We present Ego-Exo4D, a diverse, large-scale multimodal multiview video dataset and benchmark challenge. Ego-Exo4D centers around simultaneously-captured egocentric and exocentric video of skilled human activities (e.g., sports, music, dance, bike repair). More than 800 participants from 13 cities worldwide performed these activities in 131 different natural scene contexts, yielding long-form captures from 1 to 42 minutes each and 1,422 hours of video combined. The multimodal nature of the dataset is unprecedented: the video is accompanied by multichannel audio, eye gaze, 3D point clouds, camera poses, IMU, and multiple paired language descriptions -- including a novel "expert commentary" done by coaches and teachers and tailored to the skilled-activity domain. To push the frontier of first-person video understanding of skilled human activity, we also present a suite of benchmark tasks and their annotations, including fine-grained activity understanding, proficiency estimation, cross-view translation, and 3D hand/body pose. All resources will be open sourced to fuel new research in the community.
We introduce Ego4D, a massive-scale egocentric video dataset and benchmark suite. It offers 3,025 hours of daily-life activity video spanning hundreds of scenarios (household, outdoor, workplace, leisure, etc.) captured by 855 unique camera wearers from 74 worldwide locations and 9 different countries. The approach to collection is designed to uphold rigorous privacy and ethics standards with consenting participants and robust de-identification procedures where relevant. Ego4D dramatically expands the volume of diverse egocentric video footage publicly available to the research community. Portions of the video are accompanied by audio, 3D meshes of the environment, eye gaze, stereo, and/or synchronized videos from multiple egocentric cameras at the same event. Furthermore, we present a host of new benchmark challenges centered around understanding the first-person visual experience in the past (querying an episodic memory), present (analyzing hand-object manipulation, audio-visual conversation, and social interactions), and future (forecasting activities). By publicly sharing this massive annotated dataset and benchmark suite, we aim to push the frontier of first-person perception. Project page: https://ego4d-data.org/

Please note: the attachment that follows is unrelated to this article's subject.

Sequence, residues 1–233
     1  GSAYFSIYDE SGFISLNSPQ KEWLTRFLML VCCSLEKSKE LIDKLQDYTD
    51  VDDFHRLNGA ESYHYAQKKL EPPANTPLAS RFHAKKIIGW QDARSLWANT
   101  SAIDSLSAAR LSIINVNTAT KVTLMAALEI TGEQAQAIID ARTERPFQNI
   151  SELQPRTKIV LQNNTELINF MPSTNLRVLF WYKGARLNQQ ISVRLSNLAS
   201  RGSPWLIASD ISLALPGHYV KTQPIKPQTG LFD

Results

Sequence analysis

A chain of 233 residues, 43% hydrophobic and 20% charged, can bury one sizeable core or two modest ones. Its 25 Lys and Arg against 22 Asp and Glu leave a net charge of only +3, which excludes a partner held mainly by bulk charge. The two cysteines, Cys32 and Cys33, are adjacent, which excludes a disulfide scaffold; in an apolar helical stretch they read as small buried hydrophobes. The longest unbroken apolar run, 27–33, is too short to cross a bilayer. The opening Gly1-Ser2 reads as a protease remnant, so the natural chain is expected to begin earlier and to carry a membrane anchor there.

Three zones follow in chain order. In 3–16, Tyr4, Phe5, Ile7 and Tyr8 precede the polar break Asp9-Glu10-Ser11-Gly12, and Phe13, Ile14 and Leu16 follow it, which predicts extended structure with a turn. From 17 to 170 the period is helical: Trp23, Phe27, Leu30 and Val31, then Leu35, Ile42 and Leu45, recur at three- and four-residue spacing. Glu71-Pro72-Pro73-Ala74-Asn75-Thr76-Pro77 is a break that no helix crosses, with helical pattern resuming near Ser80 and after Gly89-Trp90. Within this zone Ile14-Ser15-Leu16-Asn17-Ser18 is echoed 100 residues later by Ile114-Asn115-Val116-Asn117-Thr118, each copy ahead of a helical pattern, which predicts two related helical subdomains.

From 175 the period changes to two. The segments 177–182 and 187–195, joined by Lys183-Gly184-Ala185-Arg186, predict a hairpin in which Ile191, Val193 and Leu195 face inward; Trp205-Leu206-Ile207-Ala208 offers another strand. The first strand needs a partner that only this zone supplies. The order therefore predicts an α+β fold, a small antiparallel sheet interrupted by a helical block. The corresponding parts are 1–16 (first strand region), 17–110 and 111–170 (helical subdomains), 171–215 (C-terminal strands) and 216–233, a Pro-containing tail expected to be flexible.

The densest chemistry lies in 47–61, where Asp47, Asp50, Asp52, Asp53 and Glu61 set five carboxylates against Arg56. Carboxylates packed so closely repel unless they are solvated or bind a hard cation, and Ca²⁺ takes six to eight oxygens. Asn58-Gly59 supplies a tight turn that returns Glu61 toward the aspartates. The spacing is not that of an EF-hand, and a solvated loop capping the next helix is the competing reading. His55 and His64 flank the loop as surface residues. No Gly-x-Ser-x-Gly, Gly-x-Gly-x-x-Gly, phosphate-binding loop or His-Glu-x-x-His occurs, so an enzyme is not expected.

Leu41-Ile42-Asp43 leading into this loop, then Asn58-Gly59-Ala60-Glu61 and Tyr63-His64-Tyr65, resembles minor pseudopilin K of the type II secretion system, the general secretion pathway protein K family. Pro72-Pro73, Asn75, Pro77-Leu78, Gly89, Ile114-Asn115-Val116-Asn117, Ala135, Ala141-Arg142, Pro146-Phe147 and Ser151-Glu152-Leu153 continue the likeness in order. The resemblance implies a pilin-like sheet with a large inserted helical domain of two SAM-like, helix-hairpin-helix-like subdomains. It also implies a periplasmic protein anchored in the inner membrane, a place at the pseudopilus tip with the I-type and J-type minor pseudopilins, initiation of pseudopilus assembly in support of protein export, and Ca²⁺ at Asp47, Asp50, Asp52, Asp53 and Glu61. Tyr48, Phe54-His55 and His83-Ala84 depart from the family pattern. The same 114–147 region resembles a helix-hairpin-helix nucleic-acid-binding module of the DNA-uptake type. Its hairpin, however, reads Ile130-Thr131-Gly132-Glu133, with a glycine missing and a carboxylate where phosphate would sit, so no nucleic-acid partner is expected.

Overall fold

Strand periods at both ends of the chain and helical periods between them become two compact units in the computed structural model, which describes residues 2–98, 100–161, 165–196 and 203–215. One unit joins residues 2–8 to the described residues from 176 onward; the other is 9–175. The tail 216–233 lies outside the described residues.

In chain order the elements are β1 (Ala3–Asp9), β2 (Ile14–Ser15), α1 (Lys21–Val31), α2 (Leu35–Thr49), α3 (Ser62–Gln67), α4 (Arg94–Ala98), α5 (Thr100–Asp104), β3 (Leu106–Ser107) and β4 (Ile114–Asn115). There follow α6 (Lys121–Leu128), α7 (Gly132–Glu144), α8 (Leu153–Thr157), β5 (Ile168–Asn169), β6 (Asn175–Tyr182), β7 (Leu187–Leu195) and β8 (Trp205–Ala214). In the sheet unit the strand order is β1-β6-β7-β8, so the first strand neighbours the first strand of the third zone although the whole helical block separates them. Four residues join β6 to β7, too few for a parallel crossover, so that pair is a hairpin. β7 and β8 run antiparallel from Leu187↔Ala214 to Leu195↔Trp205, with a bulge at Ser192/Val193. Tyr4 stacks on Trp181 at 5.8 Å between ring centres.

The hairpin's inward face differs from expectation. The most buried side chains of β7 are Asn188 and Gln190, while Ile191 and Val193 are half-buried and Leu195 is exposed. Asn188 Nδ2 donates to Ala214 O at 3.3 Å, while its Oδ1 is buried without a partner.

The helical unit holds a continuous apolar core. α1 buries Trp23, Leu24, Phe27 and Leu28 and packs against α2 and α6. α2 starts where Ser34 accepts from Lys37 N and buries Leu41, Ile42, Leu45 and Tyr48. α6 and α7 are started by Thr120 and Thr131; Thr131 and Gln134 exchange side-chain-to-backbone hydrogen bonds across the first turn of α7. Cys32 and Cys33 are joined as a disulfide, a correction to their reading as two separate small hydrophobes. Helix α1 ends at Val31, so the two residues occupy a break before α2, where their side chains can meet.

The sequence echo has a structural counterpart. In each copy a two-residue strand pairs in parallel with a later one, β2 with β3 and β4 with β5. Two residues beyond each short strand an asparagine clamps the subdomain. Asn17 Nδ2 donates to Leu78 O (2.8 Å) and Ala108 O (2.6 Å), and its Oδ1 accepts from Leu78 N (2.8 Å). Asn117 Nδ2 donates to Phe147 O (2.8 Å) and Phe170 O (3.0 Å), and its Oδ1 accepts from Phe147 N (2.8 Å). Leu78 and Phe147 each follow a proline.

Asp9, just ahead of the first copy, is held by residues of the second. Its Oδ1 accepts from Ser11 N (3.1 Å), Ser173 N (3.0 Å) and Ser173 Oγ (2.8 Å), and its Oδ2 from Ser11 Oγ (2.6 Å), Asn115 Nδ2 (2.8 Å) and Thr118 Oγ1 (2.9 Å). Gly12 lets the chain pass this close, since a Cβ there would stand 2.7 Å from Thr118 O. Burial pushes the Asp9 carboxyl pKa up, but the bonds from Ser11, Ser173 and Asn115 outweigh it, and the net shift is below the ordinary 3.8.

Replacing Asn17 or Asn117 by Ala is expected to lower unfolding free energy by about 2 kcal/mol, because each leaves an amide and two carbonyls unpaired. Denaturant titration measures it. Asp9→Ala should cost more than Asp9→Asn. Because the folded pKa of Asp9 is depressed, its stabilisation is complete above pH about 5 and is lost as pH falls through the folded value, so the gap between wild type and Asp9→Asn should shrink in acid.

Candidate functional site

We present the Habitat-Matterport 3D (HM3D) dataset. HM3D is a large-scale dataset of 1,000 building-scale 3D reconstructions from a diverse set of real-world locations. Each scene in the dataset consists of a textured 3D mesh reconstruction of interiors such as multi-floor residences, stores, and other private indoor spaces. HM3D surpasses existing datasets available for academic research in terms of physical scale, completeness of the reconstruction, and visual fidelity. HM3D contains 112.5k m^2 of navigable space, which is 1.4 - 3.7x larger than other building-scale datasets such as MP3D and Gibson. When compared to existing photorealistic 3D datasets such as Replica, MP3D, Gibson, and ScanNet, images rendered from HM3D have 20 - 85% higher visual fidelity w.r.t. counterpart images captured with real cameras, and HM3D meshes have 34 - 91% fewer artifacts due to incomplete surface reconstruction. The increased scale, fidelity, and diversity of HM3D directly impacts the performance of embodied AI agents trained using it. In fact, we find that HM3D is `pareto optimal' in the following sense -- agents trained to perform PointGoal navigation on HM3D achieve the highest performance regardless of whether they are evaluated on HM3D, Gibson, or MP3D. No similar claim can be made about training on other datasets. HM3D-trained PointNav agents achieve 100% performance on Gibson-test dataset, suggesting that it might be time to retire that episode dataset.